From a solution provider’s perspective, the beta of the much anticipated replacement for Window Vista is not a dramatic change, but it does make small improvements.
1. Does Microsoft Have a Chance with Windows 7?
It’s a sure sign that Microsoft has unofficially given up on Windows Vista when a beta version of Vista’s replacement, Windows 7, is flooding the Internet. The real question here becomes, “Was Windows 7 Beta 1 leaked intentionally?” Perhaps the backdoor release was a way to subdue the feverish backlash against Vista? Or perhaps it was truly a mistake by an overzealous Microsoft employee? It really makes you wonder what internal security controls the company has in place.
While those questions may go unanswered, the simple fact is that the more people talk about Windows 7, the less likely it is that they are going to talk about (or bash) Vista. The blogosphere and the news outlets are already awash with opinion and news on Windows 7 and, for some, Windows 7 is the proverbial light at the end of the tunnel.
For the channel, the question is, “How good does Windows 7 really need to be?”
Surprisingly, the answer is that Windows 7 does not have to be all that much better than Vista, at least from a technical standpoint—all Microsoft has to accomplish with Windows 7 is to undo the mind-set behind the negative opinions many people have about Vista and dress the product up a little. But undoing the anti-Vista sentiments is no easy job, and it is going to take a lot of marketing dollars and the power of the channel to turn Windows 7 into a solution that really has nothing to solve.
Windows 7: What’s the big deal?
Those expecting and hoping that Windows 7 will be a major departure from Vista, or, at the very least, a complete rewrite of the underlying code are going to be sorely disappointed. Windows 7 Beta 1 amounts to little more than Vista on a diet, with some new window dressing.
Is that a bad thing? Not necessarily. Although many would disagree, Vista is a pretty good operating system, it just lacks a little finesse and shows a bit of bloat. If Windows 7 effectively addresses those two issues, it could help the channel to rekindle interest in a Microsoft OS.
Our initial take on Windows 7 is that it can accomplish that: The new operating system has the look and feel of a “cleaner” Vista. From a user’s point of view, the new task bar seems infinitely more intuitive than in previous versions of Windows. The task bar offers large icons that launch applications directly, so users no longer have to navigate through menus and create desktop short cuts to access their favorite applications. It’s a small change that amounts to a big improvement to the user experience.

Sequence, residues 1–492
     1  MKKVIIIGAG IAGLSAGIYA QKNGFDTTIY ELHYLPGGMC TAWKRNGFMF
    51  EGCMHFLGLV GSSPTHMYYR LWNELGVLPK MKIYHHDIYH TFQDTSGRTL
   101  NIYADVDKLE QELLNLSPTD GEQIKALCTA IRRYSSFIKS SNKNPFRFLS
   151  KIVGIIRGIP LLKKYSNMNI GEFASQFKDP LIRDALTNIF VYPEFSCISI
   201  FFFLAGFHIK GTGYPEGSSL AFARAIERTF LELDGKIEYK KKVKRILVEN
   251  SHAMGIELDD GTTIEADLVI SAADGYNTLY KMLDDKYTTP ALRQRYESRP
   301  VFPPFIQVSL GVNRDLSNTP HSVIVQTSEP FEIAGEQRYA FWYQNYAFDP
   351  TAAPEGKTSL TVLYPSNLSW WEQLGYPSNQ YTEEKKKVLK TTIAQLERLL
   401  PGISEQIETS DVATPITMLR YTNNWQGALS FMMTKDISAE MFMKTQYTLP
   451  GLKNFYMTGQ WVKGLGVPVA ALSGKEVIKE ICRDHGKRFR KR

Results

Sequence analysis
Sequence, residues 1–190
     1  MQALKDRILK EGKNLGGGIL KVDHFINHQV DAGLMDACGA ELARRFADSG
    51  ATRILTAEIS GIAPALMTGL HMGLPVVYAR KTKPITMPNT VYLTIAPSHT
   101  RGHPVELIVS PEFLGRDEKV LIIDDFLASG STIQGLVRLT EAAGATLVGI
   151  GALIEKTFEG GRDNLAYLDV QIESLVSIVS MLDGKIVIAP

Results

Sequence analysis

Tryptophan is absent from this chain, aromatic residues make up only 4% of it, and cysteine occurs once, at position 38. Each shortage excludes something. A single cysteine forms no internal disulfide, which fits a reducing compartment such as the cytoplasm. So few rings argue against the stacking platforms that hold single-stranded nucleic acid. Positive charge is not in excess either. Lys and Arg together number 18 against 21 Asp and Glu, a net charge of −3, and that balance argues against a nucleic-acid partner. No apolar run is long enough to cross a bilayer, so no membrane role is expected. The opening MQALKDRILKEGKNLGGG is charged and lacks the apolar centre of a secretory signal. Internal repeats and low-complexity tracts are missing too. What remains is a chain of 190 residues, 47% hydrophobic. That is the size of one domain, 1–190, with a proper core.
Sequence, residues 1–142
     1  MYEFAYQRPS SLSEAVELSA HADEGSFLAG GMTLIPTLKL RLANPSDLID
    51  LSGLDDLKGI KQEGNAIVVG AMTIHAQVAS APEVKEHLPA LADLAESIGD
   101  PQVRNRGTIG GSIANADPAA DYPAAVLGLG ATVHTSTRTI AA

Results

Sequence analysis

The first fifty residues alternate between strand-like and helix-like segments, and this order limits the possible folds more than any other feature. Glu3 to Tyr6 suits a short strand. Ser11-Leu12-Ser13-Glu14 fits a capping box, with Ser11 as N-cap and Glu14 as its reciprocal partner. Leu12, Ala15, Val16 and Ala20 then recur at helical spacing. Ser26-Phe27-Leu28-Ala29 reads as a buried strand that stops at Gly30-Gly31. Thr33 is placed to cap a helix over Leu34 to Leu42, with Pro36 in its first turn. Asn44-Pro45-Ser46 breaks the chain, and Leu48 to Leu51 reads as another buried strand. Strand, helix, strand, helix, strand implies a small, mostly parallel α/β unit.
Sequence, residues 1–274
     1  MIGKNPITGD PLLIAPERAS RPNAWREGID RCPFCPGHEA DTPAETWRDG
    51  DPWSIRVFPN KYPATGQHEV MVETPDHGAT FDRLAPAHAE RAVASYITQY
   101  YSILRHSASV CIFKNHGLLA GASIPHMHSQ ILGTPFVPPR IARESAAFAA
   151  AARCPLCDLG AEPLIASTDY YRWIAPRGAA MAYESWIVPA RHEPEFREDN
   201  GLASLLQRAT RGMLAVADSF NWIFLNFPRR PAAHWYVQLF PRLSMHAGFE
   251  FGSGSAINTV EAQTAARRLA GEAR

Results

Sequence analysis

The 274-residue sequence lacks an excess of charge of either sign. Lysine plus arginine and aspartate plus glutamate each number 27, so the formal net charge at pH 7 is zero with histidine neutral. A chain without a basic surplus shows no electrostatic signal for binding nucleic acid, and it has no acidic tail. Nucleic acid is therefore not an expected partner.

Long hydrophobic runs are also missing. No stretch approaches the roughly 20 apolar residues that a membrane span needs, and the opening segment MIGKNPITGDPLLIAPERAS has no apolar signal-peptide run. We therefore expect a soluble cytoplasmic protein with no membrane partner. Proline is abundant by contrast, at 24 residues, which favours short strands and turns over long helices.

Also contributing to ease of use is the “Jump List,” which offers a context-sensitive menu to launch applications or open recently accessed files. It’s a feature that new PC users will appreciate. A word of warning here: Much as with the “ribbon” interface found in Microsoft Office, you’ll either take an instant like or dislike to the new task bar in Windows 7.
2. Other Windows 7 Improvements
Aside from changes to the look and feel, Windows 7 offers some other enhancements. The operating system seems to be much snappier and a better performer all around, probably due to code enhancements and bloat reduction. Solution providers will appreciate the speed of installation; most systems can go from install disk boot to fully running the operating system in under a half hour. Boot times are also improved, as well as the shutdown process.
Some other obvious changes come from the addition of Internet Explorer 8 and a revamped media player that is a vast improvement over previous versions. Notepad and WordPad have been redesigned to look more like Office applications and now feature the ribbon interface.
The operating system’s low-calorie diet becomes a little more evident when browsing through the included applications. Gone are Windows Mail, Movie Maker, Messenger and a bunch of other minor applications. Not to worry, though, if you really need any of that, it will be available via a Windows Live download.
Solution providers will find that the oft-maligned Vista UAC (User Access Control) feature has been redesigned to give more control over when and where UAC intercedes during software installations, Web browsing or many other functions. Support personnel will appreciate the inclusion of Windows Troubleshooter, an application that can automatically diagnose and fix problems and accomplishes that much better than anything offered in the past.
All things considered, Windows 7 is very much a step in the right direction so far, and one could argue that it is what Vista should have been.
For the channel, Windows 7’s arrival could fuel upgrades (if not hardware replacements) for those businesses that have been sticking with Windows XP or older versions of Windows. On the flip side, the anticipated improvements offered by Windows 7 may make those considering a Vista upgrade think twice, perhaps sabotaging upgrade plans in the works. Solution providers caught in that situation are going to have to convince customers that it will be easier to move to Windows 7 from Vista than from any other operating system. Hopefully, Microsoft will recognise that dilemma and offer free or very low-cost upgrades to those who adopt Vista now and move to Windows 7 upon general availability.
With many expecting Windows 7 to arrive by November 2009 (unofficially, of course), Microsoft will need to act now to empower the channel to build interest and offer an upgrade path that makes sense to customers and solution providers alike.